Permaculture encourages strategic land use and diversity. One plot of land at Breezy Meadow Orchards and Nursery in Tinmouth, VT, looks more like Asia than Vermont. That’s because the farm has incorporated terraced rice patties planted with cold-weather hearty rice in a raised contour bed. Drip irrigation, the rice terraces planted among alternating bands of annual and perennial crops to embrace permaculture. “In permaculture there is a major emphasis on diversity in farm enterprises and land uses,” Ferguson said.
In the Midwest, corn and soybeans are the two key crops. In looking for diversification, Wolz and others are looking to chestnut and hazelnut trees. “We think of chestnuts as ‘corn on trees’ and hazelnuts as ‘soy on trees’,” Wolz said.
“Essentially, chestnuts are pure starch and with a few tweaks they can use the same processing plants as corn and in the end we can still get baby diapers, paint and cattle feed from the product,” he added.
Similarly, hazelnuts are half oil and half protein that can be substituted for products made from soybeans. “We can still produce the industrial products our society has come to rely on,” he added.
Though some skeptics fear they would have to convert to a diet concentrated in nuts and berries or forfeit beloved favorites, it’s not necessarily true. “People can theoretically still eat Doritos they would just be made from chestnut flour rather than corn flour,” he said.
Challenges to incorporating permaculture
While permaculture systems present a number of opportunities, it brings an equally number of challenges. Financial support to encourage farmers to embrace this approach is significantly lacking. The initial financial investment is significant as permaculture relies on perennial polycultures, crops that take several years to mature to full production stage. A farm needs to consider a variety of enterprises to provide income with the perennial crops age.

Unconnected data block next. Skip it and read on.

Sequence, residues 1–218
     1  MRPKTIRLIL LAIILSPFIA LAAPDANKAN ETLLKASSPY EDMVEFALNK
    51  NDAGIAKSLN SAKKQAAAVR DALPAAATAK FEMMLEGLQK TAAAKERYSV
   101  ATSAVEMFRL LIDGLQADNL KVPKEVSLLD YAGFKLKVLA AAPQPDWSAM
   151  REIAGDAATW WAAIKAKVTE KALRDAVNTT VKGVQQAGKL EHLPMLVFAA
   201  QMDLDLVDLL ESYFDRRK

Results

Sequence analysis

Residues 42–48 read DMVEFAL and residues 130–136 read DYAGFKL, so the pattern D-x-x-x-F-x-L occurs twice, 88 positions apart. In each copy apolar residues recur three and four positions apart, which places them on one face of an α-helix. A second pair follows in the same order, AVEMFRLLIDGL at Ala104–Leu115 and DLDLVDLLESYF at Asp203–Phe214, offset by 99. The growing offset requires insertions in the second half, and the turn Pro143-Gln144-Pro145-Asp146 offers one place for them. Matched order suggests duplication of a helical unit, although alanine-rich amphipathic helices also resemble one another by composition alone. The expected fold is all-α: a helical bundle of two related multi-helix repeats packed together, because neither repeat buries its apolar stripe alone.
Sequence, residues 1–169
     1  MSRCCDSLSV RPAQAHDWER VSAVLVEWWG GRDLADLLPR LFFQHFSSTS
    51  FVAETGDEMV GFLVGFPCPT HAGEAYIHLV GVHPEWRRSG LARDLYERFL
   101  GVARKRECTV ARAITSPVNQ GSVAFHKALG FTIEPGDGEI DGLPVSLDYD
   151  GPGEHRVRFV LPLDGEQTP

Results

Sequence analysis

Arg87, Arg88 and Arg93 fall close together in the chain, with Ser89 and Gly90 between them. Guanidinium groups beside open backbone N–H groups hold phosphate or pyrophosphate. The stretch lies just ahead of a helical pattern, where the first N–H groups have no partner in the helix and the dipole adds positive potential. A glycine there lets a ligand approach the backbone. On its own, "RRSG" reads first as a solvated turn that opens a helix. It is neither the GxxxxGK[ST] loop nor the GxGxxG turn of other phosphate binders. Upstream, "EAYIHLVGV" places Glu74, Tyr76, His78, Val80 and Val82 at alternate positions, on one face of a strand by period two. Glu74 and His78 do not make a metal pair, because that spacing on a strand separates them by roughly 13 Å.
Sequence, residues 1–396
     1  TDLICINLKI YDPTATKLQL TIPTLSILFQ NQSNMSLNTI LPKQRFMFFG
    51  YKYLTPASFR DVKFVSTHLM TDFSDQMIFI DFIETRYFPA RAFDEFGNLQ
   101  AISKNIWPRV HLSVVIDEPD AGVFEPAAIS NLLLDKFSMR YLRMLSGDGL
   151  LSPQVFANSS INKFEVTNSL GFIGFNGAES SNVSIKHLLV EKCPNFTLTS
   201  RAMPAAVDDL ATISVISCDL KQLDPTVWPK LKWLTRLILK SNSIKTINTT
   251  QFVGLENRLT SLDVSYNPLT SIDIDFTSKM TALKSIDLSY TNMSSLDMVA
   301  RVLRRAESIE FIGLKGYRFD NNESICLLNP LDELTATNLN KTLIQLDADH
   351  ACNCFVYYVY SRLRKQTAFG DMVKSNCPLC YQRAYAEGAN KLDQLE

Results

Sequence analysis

Establishing perennial crops is time consuming. If care isn’t taken to properly establish the crops at the outset, production for the life of the plants are impacted. “It’s a labor intensive learning curve for new farmers and new farm enterprises,” Ferguson pointed out.
Once the crops are planted and producing, processing hubs and markets to sell the crops are limited, but increasing. “The United States markets are just moving past infancy,” Revord said. A group of growers in the Upper Midwest launched the American Hazelnut Company (AHC), which is a grower-owned processing and marketing company to assist the more than 130 growers in the region.
Access to improved varieties of specialty crops is scarce. In the Northeast, the once abundant American Chestnut tree, has been nearly eliminated by the Chestnut blight. In the Southeast, the trees succumb to root rot. Similarly, the proliferation of hazelnut trees is challenged by Eastern Filbert Blight and winter hardiness.
Fortunately, universities across the country are working to develop cultivars that are resistant to disease and tolerant of drought. “Michigan State University, University of Missouri, Penn State University and North Carolina State are doing most of the cultivar work for Chestnuts,” Revord said. Similarly, Oregon State University and Rutgers University are working on developing gene pools for the hazelnut tree.